uu.seUppsala University Publications
Change search
CiteExportLink to record
Permanent link

Direct link
Cite
Citation style
  • apa
  • ieee
  • modern-language-association
  • vancouver
  • Other style
More styles
Language
  • de-DE
  • en-GB
  • en-US
  • fi-FI
  • nn-NO
  • nn-NB
  • sv-SE
  • Other locale
More languages
Output format
  • html
  • text
  • asciidoc
  • rtf
Determinants of waterpipe use amongst adolescents in Northern Sweden: a survey of use pattern, risk perception, and environmental factors
Uppsala University, Disciplinary Domain of Medicine and Pharmacy, Faculty of Medicine, Department of Public Health and Caring Sciences, Family Medicine and Preventive Medicine.
Uppsala University, Disciplinary Domain of Medicine and Pharmacy, Faculty of Medicine, Department of Public Health and Caring Sciences, Family Medicine and Preventive Medicine.
Department of Public Health and Clinical Medicine, Epidemiology and Global Health, Umeå University, Umeå, Sweden.
Department of Family Medicine, College of Human Medicine, Michigan State University, 788 Service Road, East Lansing, MI, USA.
Show others and affiliations
2015 (English)In: BMC Research Notes, ISSN 1756-0500, E-ISSN 1756-0500, Vol. 8, 441Article in journal (Refereed) Published
Abstract [en]

BACKGROUND: Determinants of waterpipe use in adolescents are believed to differ from those for other tobacco products, but there is a lack of studies of possible social, cultural, or psychological aspects of waterpipe use in this population. This study applied a socioecological model to explore waterpipe use, and its relationship to other tobacco use in Swedish adolescents.

METHODS: A total of 106 adolescents who attended an urban high-school in northern Sweden responded to an anonymous questionnaire. Prevalence rates for waterpipe use were examined in relation to socio-demographics, peer pressure, sensation seeking behavior, harm perception, environmental factors, and depression.

RESULTS: Thirty-three percent reported ever having smoked waterpipe (ever use), with 30 % having done so during the last 30 days (current use). Among waterpipe ever users, 60 % had ever smoked cigarettes in comparison to 32 % of non-waterpipe smokers (95 % confidence interval 1.4-7.9). The odds of having ever smoked waterpipe were three times higher among male high school seniors as well as students with lower grades. Waterpipe ever users had three times higher odds of having higher levels of sensation-seeking (95 % confidence interval 1.2-9.5) and scored high on the depression scales (95 % confidence interval 1.6-6.8) than non-users. The odds of waterpipe ever use were four times higher for those who perceived waterpipe products to have pleasant smell compared to cigarettes (95 % confidence interval 1.7-9.8). Waterpipe ever users were twice as likely to have seen waterpipe use on television compared to non-users (95 % confidence interval 1.1-5.7). The odds of having friends who smoked regularly was eight times higher for waterpipe ever users than non-users (95 % confidence interval 2.1-31.2).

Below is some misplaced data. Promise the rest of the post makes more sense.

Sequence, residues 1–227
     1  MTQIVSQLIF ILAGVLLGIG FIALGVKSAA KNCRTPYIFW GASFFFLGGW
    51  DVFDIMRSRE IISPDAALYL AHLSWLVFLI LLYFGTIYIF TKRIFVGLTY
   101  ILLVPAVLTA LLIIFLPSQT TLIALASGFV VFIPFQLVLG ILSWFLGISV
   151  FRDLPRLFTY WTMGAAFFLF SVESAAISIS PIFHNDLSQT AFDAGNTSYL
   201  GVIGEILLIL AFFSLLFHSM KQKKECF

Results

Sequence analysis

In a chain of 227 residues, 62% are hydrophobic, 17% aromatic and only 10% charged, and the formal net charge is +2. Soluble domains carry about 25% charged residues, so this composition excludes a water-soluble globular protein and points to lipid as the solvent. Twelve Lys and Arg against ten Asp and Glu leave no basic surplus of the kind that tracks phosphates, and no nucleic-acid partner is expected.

CONCLUSION: The current study reports a high use of waterpipe in a select group of students in northern Sweden. The study adds the importance of looking at socioecological determinants of use, including peer pressure and exposure to media marketing, as well as mental health among users.

Place, publisher, year, edition, pages
2015. Vol. 8, 441
National Category
Public Health, Global Health, Social Medicine and Epidemiology
Identifiers
URN: urn:nbn:se:uu:diva-262891DOI: 10.1186/s13104-015-1413-4ISBN: 1756-0500 (Electronic) 1756-0500 (Linking) (print)OAI: oai:DiVA.org:uu-262891DiVA: diva2:855826
Funder
Swedish National Institute of Public Health, 1059/2014-6.2
Available from: 2015-09-22 Created: 2015-09-22 Last updated: 2017-12-05Bibliographically approved

Open Access in DiVA

No full text

Other links

Publisher's full text

Authority records BETA

Ramji, RathiArnetz, JudyArnetz, Bengt

Search in DiVA

By author/editor
Ramji, RathiArnetz, JudyArnetz, Bengt
By organisation
Family Medicine and Preventive Medicine
In the same journal
BMC Research Notes
Public Health, Global Health, Social Medicine and Epidemiology

Search outside of DiVA

GoogleGoogle Scholar

doi
isbn
urn-nbn

Altmetric score

doi
isbn
urn-nbn
Total: 417 hits
CiteExportLink to record
Permanent link

Direct link
Cite
Citation style
  • apa
  • ieee
  • modern-language-association
  • vancouver
  • Other style
More styles
Language
  • de-DE
  • en-GB
  • en-US
  • fi-FI
  • nn-NO
  • nn-NB
  • sv-SE
  • Other locale
More languages
Output format
  • html
  • text
  • asciidoc
  • rtf